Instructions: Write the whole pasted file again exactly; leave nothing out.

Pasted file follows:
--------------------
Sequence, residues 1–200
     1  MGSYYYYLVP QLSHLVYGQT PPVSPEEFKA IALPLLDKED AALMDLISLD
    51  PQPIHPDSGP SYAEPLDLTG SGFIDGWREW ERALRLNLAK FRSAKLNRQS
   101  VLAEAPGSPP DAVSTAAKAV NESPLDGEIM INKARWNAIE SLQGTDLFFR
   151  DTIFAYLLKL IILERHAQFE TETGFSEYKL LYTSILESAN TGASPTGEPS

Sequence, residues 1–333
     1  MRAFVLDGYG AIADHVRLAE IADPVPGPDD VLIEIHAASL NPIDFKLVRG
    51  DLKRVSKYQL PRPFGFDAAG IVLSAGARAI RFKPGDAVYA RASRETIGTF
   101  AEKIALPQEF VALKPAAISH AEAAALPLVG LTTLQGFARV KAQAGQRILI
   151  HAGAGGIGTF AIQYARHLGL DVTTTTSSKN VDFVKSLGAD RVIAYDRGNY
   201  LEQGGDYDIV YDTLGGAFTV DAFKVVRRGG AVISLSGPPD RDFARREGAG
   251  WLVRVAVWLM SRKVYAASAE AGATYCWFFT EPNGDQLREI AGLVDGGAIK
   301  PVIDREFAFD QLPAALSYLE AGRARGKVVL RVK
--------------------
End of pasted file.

Sequence, residues 1–200
     1  MGSYYYYLVP QLSHLVYGQT PPVSPEEFKA IALPLLDKED AALMDLISLD
    51  PQPIHPDSGP SYAEPLDLTG SGFIDGWREW ERALRLNLAK FRSAKLNRQS
   101  VLAEAPGSPP DAVSTAAKAV NESPLDGEIM INKARWNAIE SLQGTDLFFR
   151  DTIFAYLLKL IILERHAQFE TETGFSEYKL LYTSILESAN TGASPTGEPS

Sequence, residues 1–333
     1  MRAFVLDGYG AIADHVRLAE IADPVPGPDD VLIEIHAASL NPIDFKLVRG
    51  DLKRVSKYQL PRPFGFDAAG IVLSAGARAI RFKPGDAVYA RASRETIGTF
   101  AEKIALPQEF VALKPAAISH AEAAALPLVG LTTLQGFARV KAQAGQRILI
   151  HAGAGGIGTF AIQYARHLGL DVTTTTSSKN VDFVKSLGAD RVIAYDRGNY
   201  LEQGGDYDIV YDTLGGAFTV DAFKVVRRGG AVISLSGPPD RDFARREGAG
   251  WLVRVAVWLM SRKVYAASAE AGATYCWFFT EPNGDQLREI AGLVDGGAIK
   301  PVIDREFAFD QLPAALSYLE AGRARGKVVL RVK